Attempting to influence political events beyond its borders, Russia has surreptitiously provided at least $300 million to foreign political parties and candidates in over two dozen countries since 2014, according to a new U.S. intelligence study.
The investigation was commissioned by the Biden administration this summer after it became clear that Moscow intended to increase its covert spending of hundreds of millions of dollars to undermine democratic systems and support global political movements perceived as compatible with Kremlin goals.
To counter Russia’s ability to sway political systems in countries across Europe, Africa, and elsewhere, the administration decided to declassify some of the review’s findings, according to a senior U.S. official, who, like other officials, spoke to reporters on Tuesday on the condition of anonymity to discuss intelligence findings.
The official warned foreign parties and candidates that they risk being exposed if they secretly accept Russian money. “By shining this light on Russian covert political financing and Russian attempts to undermine democratic processes, we are putting these foreign parties and candidates on notice that if they accept Russian money in secret we can and will expose it,” the official said.
An administration insider said that Albania, Montenegro, Madagascar, and maybe even Ecuador were all places where such actions were detected.
They said the Russian ambassador allegedly bribed a presidential contender in Asia with millions of dollars in cash, but they wouldn’t say which country. They said that forces with ties to the Kremlin have used front organizations like shell firms and think tanks to influence politics, sometimes to the benefit of extremists.
The senior person claimed that in 2014, the United States government found evidence of an increase in Russian covert political financing. Russian interference in American affairs was not examined in this report.
U.S. intelligence agencies and a bipartisan Senate investigation have both concluded that Russia, led by President Vladimir Putin, actively sought to interfere with the 2016 presidential election in order to help then-candidate Donald Trump.
In the midst of the seventh month of Ukraine’s battle with Russia, the United States has increased its military backing for the country, and the revelation of facts regarding the Kremlin’s purported political influence campaign coincides with this development.
To counter what U.S. officials have described as Russian disinformation operations and to push back on Putin’s ambitions in Ukraine, the White House has taken the unusual step of repeatedly releasing declassified intelligence related to Moscow’s intentions and actions related to the country since the beginning of the year.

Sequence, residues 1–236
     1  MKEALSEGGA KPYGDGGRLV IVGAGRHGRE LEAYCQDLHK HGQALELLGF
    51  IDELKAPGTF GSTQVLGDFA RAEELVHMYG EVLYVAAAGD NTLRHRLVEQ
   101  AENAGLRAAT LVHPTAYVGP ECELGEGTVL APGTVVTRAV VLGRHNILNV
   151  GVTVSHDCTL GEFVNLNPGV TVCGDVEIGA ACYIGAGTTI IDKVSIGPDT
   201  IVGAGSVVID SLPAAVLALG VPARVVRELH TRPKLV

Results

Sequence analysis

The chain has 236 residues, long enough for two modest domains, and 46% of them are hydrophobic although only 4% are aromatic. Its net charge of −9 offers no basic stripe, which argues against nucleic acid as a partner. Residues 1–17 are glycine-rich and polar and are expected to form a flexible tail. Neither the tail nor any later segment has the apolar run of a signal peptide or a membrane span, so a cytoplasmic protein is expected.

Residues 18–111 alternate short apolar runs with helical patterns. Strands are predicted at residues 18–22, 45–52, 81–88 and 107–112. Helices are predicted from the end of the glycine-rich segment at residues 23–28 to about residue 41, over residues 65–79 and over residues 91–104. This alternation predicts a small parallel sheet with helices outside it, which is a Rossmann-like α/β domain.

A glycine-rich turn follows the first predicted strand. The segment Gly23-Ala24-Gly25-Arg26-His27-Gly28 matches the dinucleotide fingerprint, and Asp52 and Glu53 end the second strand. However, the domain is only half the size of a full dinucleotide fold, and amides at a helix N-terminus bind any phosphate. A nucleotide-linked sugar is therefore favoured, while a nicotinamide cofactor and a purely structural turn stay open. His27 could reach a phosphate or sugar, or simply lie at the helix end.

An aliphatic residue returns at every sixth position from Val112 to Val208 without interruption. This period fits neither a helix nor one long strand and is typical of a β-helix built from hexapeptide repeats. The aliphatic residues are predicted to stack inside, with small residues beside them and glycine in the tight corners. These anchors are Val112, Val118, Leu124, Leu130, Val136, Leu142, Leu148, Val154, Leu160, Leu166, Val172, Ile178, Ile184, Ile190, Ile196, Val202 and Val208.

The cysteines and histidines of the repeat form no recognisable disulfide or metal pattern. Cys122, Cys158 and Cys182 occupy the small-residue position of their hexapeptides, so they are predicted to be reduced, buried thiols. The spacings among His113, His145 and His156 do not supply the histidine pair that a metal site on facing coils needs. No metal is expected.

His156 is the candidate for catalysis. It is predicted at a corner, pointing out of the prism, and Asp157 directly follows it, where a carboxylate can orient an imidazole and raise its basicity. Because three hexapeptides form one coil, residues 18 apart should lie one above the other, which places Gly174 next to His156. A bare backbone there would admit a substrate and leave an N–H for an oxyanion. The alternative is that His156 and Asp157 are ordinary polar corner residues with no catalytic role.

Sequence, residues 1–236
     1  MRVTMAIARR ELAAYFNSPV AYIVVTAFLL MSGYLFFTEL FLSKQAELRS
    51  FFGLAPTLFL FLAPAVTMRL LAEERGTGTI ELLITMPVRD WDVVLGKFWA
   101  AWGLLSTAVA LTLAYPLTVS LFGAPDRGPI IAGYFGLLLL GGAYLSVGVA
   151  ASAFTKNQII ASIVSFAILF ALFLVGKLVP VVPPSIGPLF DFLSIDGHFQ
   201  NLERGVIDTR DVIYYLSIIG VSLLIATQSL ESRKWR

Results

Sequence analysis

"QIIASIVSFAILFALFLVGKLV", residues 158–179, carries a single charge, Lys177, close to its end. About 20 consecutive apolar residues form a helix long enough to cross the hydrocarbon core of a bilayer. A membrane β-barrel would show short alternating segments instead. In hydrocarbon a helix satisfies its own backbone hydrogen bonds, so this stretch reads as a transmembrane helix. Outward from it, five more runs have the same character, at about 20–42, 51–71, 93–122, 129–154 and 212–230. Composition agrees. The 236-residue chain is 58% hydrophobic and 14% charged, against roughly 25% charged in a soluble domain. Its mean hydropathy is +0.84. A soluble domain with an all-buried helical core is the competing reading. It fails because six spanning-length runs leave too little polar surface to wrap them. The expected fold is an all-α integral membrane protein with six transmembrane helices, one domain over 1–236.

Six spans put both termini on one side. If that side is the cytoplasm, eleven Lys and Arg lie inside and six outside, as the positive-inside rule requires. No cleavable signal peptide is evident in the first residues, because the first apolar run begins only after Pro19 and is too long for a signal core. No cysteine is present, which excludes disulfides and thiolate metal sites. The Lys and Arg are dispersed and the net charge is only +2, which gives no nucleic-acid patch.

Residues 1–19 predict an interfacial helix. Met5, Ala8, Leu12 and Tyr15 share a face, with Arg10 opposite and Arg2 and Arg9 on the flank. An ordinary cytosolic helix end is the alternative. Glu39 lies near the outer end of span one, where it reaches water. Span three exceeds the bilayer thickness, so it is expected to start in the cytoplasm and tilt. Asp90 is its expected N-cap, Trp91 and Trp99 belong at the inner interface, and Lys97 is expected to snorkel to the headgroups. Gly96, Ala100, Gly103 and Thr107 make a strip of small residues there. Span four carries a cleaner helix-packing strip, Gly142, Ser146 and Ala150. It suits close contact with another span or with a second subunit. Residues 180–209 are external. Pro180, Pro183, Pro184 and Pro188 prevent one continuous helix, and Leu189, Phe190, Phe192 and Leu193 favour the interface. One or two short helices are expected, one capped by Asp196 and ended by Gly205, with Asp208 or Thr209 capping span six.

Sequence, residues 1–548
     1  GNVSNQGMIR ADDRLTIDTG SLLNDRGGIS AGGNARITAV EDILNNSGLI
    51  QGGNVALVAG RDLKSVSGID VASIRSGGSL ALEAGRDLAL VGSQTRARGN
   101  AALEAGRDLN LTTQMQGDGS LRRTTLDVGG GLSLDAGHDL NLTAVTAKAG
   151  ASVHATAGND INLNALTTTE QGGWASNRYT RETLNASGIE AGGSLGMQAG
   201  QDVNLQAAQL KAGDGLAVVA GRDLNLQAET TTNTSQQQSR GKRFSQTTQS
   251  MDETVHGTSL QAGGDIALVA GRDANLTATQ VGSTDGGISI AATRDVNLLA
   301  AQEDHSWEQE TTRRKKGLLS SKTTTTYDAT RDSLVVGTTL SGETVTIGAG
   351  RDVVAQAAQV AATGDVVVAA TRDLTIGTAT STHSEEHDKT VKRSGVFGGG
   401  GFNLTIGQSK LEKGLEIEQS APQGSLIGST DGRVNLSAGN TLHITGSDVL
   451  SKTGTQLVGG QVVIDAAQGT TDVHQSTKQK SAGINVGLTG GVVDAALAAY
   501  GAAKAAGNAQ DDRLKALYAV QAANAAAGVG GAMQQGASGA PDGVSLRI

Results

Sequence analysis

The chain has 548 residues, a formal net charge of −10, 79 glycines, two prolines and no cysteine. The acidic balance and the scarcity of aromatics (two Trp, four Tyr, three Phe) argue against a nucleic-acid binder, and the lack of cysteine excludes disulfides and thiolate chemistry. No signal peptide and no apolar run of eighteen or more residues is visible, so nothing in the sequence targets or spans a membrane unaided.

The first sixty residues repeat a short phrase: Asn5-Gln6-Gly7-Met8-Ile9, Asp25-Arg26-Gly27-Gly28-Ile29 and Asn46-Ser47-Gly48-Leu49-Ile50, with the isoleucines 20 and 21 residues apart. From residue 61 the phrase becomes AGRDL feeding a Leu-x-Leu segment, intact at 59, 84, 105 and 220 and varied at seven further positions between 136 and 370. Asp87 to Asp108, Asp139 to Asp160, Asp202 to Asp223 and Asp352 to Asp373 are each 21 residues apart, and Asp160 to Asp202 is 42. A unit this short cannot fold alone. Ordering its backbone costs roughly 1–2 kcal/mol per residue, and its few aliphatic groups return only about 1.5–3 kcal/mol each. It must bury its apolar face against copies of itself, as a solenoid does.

On Monday, the State Department sent a “démarche” to U.S. embassies in over 100 countries, outlining the alleged Russian activities and suggesting steps the United States and its allies can take to push back, such as sanctions, travel bans, or the expulsion of suspected Russian spies involved in political financing activities.
A cable released to reporters by government authorities revealed that Russian political fundraising had been carried out by groups including Russia’s Federal Security Service, with oversight from Russian government officials and politicians.
Yevgeniy Prigozhin and Aleksandr Babakov were two of the Russian oligarchs listed in the démarche as being complicit in “funding schemes.”
US officials charged Prigozhin, sometimes known as “Putin’s chef” for his massive earnings from Russian government catering contracts, with meddling in the 2016 US elections in 2018. The FBI is looking for him because of his ties to the Wagner private military group.
Russian legislator Babakov has been accused of funding a French far-right party.
According to the cable, Moscow has utilized cryptocurrencies, cash, and gifts to influence political events in other countries, often making use of the accounts and resources of Russian embassies.
As the conflict in Ukraine continues, Russia may try to maintain its influence in Central and South America, Africa, the Middle East, and Asia by using its “covert influence toolkit,” which includes covert political financing.
U.S. diplomats are advising foreign colleagues on the operations, which American officials suspect may extend far beyond the specified countries and monetary amounts.
We believe this is only the beginning,” the high-ranking official added. Because of this, rather than remain on the sidelines, we are disseminating these countermeasures.
In order to get a better understanding of Russia’s activities, the United States is urging its allies to exchange data on Russian financial support.
The senior official said that protecting the U.S. political system and elections from Russian influence activities remained a serious challenge, even though it was not covered in the study.
The official admitted, “There is no doubt that we have this susceptibility as well.”